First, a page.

The sobriquet of Fitz-Aldin, given him from the great
slaughter which he made of the Southron, and his reluctance to admit
them to quarter. The sobriquet was adopted by him as a surname, and
transmitted to his posterity. A novel by Sir W. Scott. (See chap. viii.)
A novel told in a series of letters by Sir Walter Scott. Sir
Edward Hugh Redgauntlet, a Jacobite conspirator in favour of the Young
Pretender, Charles Edward, is the hero. When George III. was crowned he
persuaded his niece, Lilias Redgauntlet, to pick up the glove thrown
down by the king's champion. The plot ripened, but when the prince
positively refused to dismiss his mistress, Miss Walkinshaw- a sine
quâ non with the conspirators- the whole enterprise was given up.
General Campbell arrived with the military, the prince left Scotland,
Redgauntlet, who embarked with him, became a prior abroad, and Lilias,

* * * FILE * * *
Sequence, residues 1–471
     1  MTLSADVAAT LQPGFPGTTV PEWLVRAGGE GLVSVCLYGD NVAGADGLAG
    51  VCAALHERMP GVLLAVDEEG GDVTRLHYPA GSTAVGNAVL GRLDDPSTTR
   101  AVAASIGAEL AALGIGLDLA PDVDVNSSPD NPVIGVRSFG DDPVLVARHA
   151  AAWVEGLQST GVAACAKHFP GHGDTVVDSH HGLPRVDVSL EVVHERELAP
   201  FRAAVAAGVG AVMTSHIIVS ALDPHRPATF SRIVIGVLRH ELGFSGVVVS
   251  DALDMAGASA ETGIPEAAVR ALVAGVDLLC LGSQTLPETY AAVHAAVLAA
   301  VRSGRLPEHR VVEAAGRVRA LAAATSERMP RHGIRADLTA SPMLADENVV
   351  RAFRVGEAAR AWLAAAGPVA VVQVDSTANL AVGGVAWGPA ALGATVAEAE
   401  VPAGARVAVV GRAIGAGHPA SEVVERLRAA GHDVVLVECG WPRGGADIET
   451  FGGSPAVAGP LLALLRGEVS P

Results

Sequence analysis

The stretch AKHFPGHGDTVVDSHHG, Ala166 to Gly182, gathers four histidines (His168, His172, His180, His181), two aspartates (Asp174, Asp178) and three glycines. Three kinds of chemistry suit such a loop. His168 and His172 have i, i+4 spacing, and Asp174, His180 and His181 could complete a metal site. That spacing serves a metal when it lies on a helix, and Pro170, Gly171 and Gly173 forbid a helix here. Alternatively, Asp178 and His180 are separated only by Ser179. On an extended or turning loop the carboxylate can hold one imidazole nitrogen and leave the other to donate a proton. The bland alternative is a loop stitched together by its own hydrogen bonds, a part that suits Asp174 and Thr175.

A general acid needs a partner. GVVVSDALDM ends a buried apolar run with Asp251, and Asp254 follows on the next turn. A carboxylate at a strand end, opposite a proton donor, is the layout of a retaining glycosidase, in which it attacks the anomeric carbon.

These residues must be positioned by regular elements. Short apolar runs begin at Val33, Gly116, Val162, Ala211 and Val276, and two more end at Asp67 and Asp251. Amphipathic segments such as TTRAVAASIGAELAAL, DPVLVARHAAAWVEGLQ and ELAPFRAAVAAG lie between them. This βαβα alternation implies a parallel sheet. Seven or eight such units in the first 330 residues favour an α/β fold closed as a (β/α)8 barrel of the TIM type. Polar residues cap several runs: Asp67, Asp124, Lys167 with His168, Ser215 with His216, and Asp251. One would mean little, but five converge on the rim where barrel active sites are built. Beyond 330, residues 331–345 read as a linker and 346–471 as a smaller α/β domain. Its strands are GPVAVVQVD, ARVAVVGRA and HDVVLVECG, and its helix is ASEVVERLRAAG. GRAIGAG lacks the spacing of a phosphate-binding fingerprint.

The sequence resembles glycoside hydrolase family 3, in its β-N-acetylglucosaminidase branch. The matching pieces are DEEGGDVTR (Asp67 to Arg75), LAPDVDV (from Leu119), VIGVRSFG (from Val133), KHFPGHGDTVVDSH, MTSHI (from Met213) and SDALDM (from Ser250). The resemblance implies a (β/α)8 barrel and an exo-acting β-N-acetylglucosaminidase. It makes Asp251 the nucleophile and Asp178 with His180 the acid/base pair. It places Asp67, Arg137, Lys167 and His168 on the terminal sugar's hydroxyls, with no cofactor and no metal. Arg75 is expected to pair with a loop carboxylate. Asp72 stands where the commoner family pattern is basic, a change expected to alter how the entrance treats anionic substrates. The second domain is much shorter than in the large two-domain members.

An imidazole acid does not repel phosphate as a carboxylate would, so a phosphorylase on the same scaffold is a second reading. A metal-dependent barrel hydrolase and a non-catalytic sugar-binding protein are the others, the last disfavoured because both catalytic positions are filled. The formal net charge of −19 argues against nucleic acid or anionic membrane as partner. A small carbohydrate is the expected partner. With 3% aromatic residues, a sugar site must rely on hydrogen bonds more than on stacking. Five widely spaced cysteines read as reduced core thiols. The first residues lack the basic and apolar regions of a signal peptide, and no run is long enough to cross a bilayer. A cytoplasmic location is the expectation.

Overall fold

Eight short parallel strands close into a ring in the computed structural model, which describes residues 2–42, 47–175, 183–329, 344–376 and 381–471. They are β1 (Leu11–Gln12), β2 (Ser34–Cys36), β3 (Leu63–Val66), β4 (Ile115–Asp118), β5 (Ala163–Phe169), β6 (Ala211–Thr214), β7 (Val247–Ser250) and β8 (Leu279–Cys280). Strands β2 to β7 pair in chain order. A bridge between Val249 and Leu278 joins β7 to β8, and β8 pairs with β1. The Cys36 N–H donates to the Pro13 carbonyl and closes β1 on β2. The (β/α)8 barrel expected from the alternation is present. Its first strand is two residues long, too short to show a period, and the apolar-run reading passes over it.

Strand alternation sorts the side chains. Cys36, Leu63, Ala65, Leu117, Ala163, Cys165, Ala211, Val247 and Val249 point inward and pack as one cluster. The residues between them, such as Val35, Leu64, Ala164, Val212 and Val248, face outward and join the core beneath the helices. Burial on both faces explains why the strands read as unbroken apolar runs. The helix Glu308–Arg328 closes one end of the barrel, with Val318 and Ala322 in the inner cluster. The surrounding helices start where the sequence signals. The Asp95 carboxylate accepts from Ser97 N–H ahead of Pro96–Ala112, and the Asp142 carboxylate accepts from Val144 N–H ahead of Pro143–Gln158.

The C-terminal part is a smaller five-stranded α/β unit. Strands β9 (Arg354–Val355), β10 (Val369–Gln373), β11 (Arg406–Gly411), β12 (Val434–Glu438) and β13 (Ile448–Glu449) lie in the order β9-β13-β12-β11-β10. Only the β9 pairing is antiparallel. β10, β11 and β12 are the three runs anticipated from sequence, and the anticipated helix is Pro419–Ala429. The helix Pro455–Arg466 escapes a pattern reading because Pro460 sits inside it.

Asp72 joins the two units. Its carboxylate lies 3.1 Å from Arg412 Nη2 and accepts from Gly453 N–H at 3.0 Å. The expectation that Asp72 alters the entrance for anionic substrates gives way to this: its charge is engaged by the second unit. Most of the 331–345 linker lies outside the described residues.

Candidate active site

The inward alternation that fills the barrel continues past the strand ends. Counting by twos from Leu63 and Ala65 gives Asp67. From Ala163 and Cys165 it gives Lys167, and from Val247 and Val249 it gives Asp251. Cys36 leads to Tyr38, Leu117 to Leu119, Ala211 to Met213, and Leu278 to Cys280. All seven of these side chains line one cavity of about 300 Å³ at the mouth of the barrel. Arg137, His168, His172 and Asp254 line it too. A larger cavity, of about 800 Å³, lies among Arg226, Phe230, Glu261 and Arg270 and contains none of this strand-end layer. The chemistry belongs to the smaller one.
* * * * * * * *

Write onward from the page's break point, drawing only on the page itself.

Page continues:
his niece, married her brother's friend, Allan Fairford, a young
Redgauntlet (Sir Aberick).
An ancestor of the family so called. Sir Edward. Son of Sir
Aberick, killed by his father's horse. Sir Robert. An old Tory
in Wandering Willie's Tale. He has a favourite monkey called
“Major Weir.” Sir John, son and successor of Sir Robert. Sir
Redwald, son of Sir John.
Sir Henry Darsic.
Son of Sir Redwald. Lady Henry Darsie, wife of Sir Henry
Darsie. Sir Arthur Darsie alias Darsie Latimer, son of
Sir Henry and the above lady. Miss Lilias alias Greenmantle, sister of Sir Arthur; she marries Allan Fairford.
Sir Edward Hugh.
A political enthusiast and Jacobite conspirator, uncle of Sir
Arthur Darsie. He appears as “Laird of the Lochs,” “Mr. Herries, of
Birrenswork,” and “Mr. Ingoldsby.” “When he frowned, the puckers of his
brow formed a horseshoe, the special mark of his race.” (Sir Walter Scott: Redgauntlet.)
Source: Dictionary of Phrase and Fable, E. Cobham Brewer, 1894
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